The "Phantom Blonde of Pickford" is Pickford's own paranormal legend and addition to the scores of haunted house legends in Illinois history. Every Halloween, the Pickford Chamber of Commerce gathers in the shadow of Stoddard House to tell ghost stories and then take children on a hay ride through Pickford's wooded back trails northeast of town toward Yaeger Lake and towns like Butler and Hillsboro. There is always a participant wearing a long dark dress with her face whitened out and a shaky red and spattered wound painted to their throat to honor the ghost's legend. Just how the ghost accepts her local stardom is unknown, but Allison Buckner, Director of the Pickford Historical Society, believes in the ghost.

"It's just not Halloween if someone doesn't see her." She confesses. "Every Halloween, we set up overnight camp behind the house to tell ghost stories, and sometime during the fun, there's always some scream from the crowd, usually from a teenager tempting the patience of people round them. The claim is usually the same; the ghost has been seen staring down from an upstairs window. Everyone turns and looks, flashlights rear up bouncing from window to window, but no ghost is ever seen."

That is not to suggest that the ghost does not exist. Since the vandalism in 1972, pedestrians, motorists and neighbors have noticed what seems to be a beautiful but petite blonde woman in old fashioned dress in the house roaming the grounds or pulling back the curtains to watch people in the park. Over the years, lights have been seen bobbing through empty upstairs windows and officers investigate. After they discover the house is sealed up tight and no one can get in, they depart believing that the lights were from reflections off the dirty windows.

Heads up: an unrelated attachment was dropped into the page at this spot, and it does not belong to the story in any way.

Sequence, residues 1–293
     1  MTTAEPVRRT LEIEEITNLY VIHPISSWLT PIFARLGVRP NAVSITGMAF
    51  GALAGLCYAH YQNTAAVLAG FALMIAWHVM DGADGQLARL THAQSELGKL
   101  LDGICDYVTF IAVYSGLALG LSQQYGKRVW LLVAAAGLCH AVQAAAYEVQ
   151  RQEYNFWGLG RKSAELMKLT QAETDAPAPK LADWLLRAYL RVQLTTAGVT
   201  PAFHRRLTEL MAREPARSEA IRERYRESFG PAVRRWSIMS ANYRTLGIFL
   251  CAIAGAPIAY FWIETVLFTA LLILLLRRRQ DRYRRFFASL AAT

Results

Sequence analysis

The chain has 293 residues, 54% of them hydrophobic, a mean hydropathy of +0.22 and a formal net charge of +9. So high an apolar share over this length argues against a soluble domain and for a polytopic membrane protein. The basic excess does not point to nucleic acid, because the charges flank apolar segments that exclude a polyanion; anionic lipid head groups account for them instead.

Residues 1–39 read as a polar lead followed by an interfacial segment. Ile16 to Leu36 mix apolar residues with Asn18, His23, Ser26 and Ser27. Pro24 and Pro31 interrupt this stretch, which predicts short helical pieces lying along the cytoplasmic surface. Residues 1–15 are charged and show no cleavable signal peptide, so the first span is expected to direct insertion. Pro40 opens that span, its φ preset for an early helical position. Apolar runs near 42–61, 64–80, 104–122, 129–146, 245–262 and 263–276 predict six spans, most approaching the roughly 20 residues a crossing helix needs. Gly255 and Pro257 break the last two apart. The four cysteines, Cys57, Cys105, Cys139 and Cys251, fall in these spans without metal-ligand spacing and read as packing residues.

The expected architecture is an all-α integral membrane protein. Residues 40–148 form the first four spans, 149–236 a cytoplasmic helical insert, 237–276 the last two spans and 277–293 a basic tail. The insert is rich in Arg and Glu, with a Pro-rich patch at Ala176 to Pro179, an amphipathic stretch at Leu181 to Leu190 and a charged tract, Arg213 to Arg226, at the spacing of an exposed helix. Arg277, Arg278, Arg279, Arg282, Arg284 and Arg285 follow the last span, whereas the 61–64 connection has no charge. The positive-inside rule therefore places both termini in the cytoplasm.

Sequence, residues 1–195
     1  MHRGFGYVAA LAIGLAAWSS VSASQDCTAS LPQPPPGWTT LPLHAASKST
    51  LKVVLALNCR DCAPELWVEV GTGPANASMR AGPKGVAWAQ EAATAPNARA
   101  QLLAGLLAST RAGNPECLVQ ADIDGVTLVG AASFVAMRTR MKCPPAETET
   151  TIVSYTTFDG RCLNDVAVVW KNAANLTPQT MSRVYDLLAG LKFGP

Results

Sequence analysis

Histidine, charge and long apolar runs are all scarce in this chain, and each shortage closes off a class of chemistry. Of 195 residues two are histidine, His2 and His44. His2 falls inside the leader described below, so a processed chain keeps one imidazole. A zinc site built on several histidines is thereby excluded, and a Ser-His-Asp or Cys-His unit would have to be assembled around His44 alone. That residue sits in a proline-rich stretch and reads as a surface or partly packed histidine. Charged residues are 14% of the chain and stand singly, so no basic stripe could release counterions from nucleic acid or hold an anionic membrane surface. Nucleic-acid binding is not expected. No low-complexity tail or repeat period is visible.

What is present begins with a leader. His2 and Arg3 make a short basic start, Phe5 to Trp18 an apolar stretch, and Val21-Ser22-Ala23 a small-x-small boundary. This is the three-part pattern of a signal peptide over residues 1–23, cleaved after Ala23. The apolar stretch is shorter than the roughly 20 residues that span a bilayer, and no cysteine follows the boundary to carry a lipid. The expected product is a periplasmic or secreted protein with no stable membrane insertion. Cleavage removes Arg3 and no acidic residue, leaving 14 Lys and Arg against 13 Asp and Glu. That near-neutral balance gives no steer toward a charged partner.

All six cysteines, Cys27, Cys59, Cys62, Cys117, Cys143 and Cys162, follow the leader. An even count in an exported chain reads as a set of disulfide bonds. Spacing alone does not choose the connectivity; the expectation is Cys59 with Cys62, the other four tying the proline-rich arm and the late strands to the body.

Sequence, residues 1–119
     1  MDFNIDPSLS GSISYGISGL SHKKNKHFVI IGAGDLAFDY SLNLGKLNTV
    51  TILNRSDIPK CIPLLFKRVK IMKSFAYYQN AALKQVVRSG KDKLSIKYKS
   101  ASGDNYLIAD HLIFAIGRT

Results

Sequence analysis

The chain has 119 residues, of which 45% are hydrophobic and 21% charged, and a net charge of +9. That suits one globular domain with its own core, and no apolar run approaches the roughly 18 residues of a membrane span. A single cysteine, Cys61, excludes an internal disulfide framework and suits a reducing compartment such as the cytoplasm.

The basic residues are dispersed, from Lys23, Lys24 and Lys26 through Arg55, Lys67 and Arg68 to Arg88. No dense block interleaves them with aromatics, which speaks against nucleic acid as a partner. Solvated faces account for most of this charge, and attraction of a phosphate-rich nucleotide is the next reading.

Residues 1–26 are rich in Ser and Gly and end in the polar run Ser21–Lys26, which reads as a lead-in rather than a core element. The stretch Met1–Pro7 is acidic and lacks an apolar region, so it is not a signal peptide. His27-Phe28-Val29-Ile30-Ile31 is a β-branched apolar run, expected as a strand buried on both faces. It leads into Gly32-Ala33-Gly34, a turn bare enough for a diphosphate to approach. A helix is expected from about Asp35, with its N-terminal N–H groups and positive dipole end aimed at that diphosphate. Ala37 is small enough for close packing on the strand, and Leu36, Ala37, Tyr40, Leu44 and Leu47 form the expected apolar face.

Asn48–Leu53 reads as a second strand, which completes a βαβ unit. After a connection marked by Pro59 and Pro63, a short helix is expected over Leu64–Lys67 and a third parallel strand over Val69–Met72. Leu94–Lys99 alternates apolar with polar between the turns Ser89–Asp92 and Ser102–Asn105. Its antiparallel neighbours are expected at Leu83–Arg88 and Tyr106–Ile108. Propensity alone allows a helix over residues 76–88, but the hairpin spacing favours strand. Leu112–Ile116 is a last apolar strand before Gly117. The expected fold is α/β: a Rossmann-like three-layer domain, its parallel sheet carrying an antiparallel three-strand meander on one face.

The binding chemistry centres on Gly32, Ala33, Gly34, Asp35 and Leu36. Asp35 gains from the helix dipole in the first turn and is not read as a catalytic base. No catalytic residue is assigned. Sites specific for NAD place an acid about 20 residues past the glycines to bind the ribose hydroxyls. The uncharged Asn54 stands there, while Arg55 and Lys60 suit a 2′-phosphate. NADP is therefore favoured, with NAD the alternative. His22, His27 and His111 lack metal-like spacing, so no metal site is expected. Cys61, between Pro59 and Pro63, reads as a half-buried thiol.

In 1978, police officer Rick Michalka, now retired, was doing his rounds through town. It was not quite midnight, but it was overcast and the sound of faint thunder was in the air. As he came round city hall, he saw what appeared to be a blonde woman in antedated dress leaving the city hall property and walking up matter-of-factly to the house. He never saw her face, but he later said her hair was straight and long and hung down her back. She was petite, maybe only five foot two in height. Departing his patrol car, Michalka followed her up to the house while only twenty or so steps behind her. He wanted to call out to her, but he didn't; something in his head warned him not to. The woman went up to the house, stepped lightly up to the front veranda ten feet off the ground, pulled open the door and vanished inside.  As Michalka pulled on that same door a mere few seconds later, it didn't want to open. It was locked. It's been locked for over fifty years, and no one except the odd vandal through the window has been through it. Mrs. Buckner of the Pickford Historical Society has never even been inside herself despite requests to the city council.

"The city council won't allow it." She says. "The house is on public property belonging to the park department, but since it is connected to city hall and was once home to two mayors and several council members in the Stoddard Family, it's been labeled a historic home and sealed off to the public. Yet, every time someone breaks in to see the ghost, police quickly fix the damage and lock up the house once again."

The reason city hall officials and the police department restrict access to the house may have something to do with the more sinister nature of the house. There is a legend that the Phantom Blonde of Pickford likes to befriend and entice people into the house and keep them there. Over fifty-five years, there have been as many as thirty or more vanishings of teenagers near the house dismissed as teenage runaways. Some female, mostly male, and almost always within a three block radius of the park and Stoddard House.